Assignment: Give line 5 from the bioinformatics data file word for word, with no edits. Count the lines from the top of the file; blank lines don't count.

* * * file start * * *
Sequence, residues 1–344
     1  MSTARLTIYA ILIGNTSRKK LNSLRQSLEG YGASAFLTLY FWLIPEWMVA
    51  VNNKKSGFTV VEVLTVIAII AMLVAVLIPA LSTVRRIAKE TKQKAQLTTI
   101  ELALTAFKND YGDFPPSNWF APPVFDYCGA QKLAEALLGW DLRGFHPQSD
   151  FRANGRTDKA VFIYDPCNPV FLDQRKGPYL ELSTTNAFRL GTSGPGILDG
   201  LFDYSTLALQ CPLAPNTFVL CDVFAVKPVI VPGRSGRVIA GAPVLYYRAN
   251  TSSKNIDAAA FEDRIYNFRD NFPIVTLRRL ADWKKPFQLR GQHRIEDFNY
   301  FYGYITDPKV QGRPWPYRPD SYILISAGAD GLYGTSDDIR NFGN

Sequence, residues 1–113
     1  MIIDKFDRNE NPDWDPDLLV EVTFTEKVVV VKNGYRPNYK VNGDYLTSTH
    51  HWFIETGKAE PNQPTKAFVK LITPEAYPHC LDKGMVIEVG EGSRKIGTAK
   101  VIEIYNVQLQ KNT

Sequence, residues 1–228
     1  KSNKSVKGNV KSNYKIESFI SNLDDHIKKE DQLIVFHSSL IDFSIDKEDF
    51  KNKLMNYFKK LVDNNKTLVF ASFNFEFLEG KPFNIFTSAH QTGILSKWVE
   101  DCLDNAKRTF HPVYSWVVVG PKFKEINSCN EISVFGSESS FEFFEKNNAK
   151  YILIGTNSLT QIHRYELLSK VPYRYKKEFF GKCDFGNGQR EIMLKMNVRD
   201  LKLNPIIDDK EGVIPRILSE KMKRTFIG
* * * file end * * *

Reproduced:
   151  FRANGRTDKA VFIYDPCNPV FLDQRKGPYL ELSTTNAFRL GTSGPGILDG